Here it is – the new Perodua Alza! We’ve been following the development of this MPV ever since we first got news of its existence back in early 2008, where it was reported that Toyota and Daihatsu were going to build a new MPV and produce it in Indonesia. When the Daihatsu Luxio MPV came out we all got a shock – that more of a van so we waited patiently until Christmas last year when the Toyota Passo Sette was finally unveiled in Japan. Nearly a year later, the Perodua-badged model with a new front, rear and interior is here. Read the full details after the jump.
|Perodua Alza 1.5L Standard M/T|
Solid – RM55,490
Metallic – RM55,990
S. Metallic – RM56,190
|Perodua Alza 1.5L Standard A/T|
Solid – RM58,490
Metallic – RM58,990
S. Metallic – RM59,190
|Perodua Alza 1.5L Premium M/T|
Solid – RM60,490
Metallic – RM60,990
S. Metallic – RM61,190
|Perodua Alza 1.5L Premium A/T|
Solid – RM63,490
Metallic – RM63,990
S. Metallic – RM64,190
Alot of people that are casually (not urgent) in the market for an MPV will have probably been waiting for the D46T project to be launched for a long time now. After all, the majority of the country can only afford either a Proton or a Perodua, and you really have to wonder why it took them so long to serve this market niche when all of its competitors have been priced out of affordability.
The national MPVs should have come sooner so that consumers who have big families would not have needed to stuff their 5-seaters to the brim whenever they needed to balik kampung.
I have to say that with the Myvi, the Japanese Passo looked better, but with the Alza I feel our own Malaysian design team has trumped the Japanese guys. The Passo Sette had this slightly bulgy-eyed look while the Alza looks far more sleeker. I don’t see any reason why anyone would want to ‘convert’ their Alza back to a Passo Sette but then again design is a subjective personal thing.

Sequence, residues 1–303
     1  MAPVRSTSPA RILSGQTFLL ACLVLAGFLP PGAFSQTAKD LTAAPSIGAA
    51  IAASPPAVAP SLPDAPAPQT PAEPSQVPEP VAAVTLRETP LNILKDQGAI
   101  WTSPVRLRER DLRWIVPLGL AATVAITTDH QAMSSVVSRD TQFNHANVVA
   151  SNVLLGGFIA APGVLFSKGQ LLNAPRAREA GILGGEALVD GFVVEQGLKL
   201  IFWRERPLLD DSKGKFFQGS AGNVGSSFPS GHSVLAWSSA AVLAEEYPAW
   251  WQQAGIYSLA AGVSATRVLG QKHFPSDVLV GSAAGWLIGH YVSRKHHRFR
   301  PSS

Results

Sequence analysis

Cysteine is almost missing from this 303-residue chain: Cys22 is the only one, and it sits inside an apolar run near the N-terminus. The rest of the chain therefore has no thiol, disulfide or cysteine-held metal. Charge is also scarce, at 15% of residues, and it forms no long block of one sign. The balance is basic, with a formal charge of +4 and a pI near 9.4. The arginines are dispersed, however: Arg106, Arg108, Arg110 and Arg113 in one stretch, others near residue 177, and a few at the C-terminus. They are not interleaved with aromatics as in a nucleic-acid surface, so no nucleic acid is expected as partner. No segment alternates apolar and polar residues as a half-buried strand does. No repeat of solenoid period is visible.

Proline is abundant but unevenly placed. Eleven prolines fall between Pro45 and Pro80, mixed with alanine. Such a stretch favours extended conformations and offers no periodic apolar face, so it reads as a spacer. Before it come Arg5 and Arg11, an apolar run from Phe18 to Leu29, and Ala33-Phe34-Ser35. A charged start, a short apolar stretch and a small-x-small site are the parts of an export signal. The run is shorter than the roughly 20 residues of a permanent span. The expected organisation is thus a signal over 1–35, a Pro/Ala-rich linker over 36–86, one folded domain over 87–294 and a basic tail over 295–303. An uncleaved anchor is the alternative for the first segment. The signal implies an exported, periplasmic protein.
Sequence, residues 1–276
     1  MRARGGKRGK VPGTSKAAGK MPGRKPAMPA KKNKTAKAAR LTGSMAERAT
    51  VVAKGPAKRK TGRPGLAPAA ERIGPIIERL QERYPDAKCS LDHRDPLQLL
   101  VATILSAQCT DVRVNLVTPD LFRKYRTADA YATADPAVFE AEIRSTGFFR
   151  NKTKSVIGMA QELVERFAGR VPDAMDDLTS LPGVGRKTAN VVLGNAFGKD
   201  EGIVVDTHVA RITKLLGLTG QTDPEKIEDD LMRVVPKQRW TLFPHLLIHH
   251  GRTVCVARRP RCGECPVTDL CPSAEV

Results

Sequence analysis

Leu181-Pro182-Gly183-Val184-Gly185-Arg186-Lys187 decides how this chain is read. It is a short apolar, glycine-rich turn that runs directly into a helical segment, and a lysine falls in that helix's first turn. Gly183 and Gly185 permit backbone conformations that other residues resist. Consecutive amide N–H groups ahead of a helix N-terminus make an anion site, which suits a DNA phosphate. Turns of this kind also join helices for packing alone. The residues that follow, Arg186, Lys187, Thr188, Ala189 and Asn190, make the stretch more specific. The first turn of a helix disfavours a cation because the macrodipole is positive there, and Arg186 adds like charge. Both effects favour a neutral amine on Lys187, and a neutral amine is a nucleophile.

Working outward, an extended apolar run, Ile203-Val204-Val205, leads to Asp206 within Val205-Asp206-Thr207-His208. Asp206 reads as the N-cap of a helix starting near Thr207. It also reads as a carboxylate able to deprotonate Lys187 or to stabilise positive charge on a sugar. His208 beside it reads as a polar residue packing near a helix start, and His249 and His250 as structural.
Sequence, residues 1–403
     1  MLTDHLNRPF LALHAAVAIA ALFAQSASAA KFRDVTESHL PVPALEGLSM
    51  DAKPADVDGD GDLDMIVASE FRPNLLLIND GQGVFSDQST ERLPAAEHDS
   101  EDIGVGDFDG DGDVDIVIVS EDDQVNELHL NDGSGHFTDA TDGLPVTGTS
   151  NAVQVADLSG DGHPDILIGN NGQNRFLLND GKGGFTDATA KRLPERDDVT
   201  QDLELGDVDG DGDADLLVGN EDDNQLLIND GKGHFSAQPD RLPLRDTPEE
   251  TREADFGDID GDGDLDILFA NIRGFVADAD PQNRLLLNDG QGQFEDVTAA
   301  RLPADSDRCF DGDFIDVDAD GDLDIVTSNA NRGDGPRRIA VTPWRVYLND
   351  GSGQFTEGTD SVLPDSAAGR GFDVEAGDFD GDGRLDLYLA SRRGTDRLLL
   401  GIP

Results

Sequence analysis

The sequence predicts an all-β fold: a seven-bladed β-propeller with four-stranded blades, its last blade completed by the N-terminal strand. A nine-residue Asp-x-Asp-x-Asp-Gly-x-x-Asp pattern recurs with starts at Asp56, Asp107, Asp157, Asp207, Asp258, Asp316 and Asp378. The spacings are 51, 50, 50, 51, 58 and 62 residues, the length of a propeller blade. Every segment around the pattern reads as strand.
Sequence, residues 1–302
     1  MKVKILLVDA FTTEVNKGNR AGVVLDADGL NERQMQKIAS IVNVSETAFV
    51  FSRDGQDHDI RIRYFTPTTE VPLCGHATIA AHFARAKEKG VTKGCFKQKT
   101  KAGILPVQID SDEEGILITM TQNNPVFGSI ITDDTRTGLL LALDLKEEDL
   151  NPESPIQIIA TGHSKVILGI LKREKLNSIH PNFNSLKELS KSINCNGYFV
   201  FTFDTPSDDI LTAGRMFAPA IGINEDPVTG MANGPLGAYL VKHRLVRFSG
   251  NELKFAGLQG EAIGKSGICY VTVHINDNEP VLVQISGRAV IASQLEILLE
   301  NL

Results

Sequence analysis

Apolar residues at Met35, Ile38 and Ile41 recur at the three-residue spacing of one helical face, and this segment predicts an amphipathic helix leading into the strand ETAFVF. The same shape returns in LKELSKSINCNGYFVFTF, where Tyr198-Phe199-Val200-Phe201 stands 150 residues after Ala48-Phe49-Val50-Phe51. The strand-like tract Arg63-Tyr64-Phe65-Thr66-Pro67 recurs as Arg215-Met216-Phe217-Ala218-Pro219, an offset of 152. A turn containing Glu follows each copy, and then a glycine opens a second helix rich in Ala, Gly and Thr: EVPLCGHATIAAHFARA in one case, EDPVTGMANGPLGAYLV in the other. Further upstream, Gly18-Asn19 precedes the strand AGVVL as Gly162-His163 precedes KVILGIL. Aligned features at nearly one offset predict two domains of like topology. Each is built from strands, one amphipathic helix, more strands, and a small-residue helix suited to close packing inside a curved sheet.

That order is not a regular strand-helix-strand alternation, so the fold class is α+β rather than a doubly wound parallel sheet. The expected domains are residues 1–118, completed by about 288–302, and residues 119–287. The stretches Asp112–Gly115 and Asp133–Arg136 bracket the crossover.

As for the name Alza, it actually means ‘to rise’ in Spanish. Probably symbolises Perodua rising up the product segments once again – its cars are getting bigger and bigger.
The Perodua Alza’s headlamps also come with projector lenses for the main beam across the entire line-up. I’m not saying you should be doing this but for those that want to retrofit HID bulbs to the Alza, the projector lenses will result in a relatively cleaner and nicer looking light beam.
On the rear you get LED tail lamps and for the Premium version you also get a spoiler. There is a bee sting antenna located towards the rear of the roof but towards the left rear instead of being positioned smack in the middle. There are a few colours to choose from but personally I’m digging the purple, which is a new colour.
How much is the new Perodua Alza?
So anyway, here we are finally, the Perodua Alza. The smaller MPV also comes with a smaller price tag, though Proton has worked to introduce the Exora Basic as well. Perodua says the Alza project first started off as the D46T about 3 years ago. The Japanese version was unveiled on Christmas day last year.
It’s cheaper than the Exora though technically it isn’t the cheapest in the market. Changan-Berjaya sells their Chana Era CM8 “van” at prices starting from under RM40k.
How big is the Perodua Alza?
|Alza||Exora||Livina 1.6||Avanza 1.5||Rondo||Innova|
Above you will find a comparison of various MPVs available in the Malaysian market. The Alza’s power output and weight is actually quite similiar to the Avanza’s, which means performance should be comparable. The Alza and Avanza actually use the same 3SZ-VE engine though the Alza’s is transverse and the Avanza’s is longitudinal for rear wheel drive installation. There is a discrepancy with the power figures quoted above for the Alza and Avanza engine, but I think it’s because Perodua gave DIN numbers while the Toyota numbers are a different kind of measurement.
Is there enough power?
When we drove the Alza under a load of 4 to 5 people it was quite possible to drive in a relaxed manner, though pace was rather hampered. Driving it in a “youthful” manner with hurried progress called for the engine to be revved into the upper boundaries of the rev range most of the time. What made it worse is the fact that the engines did not seem to be run in properly, and most of us in the same car agreed.
Veteran journo Leeps (who went ahead and bought one after the media preview drive) described it as being kinda ‘tight’, while to me the sensation was of an inconsistent torque curve (also reflected in RPM needle progress) that kept dipping randomly. It’s really quite a bummer as when things like this happens it does not reflect the car’s actual performance (just like the Mazda 3 review unit earlier this year), leaving a big blank question mark in my review expectations. So watch out for another review later, as this is pretty much just a preview drive in a circle around the Shangrila Putrajaya, though there was some very nice curves and uphills and downhills.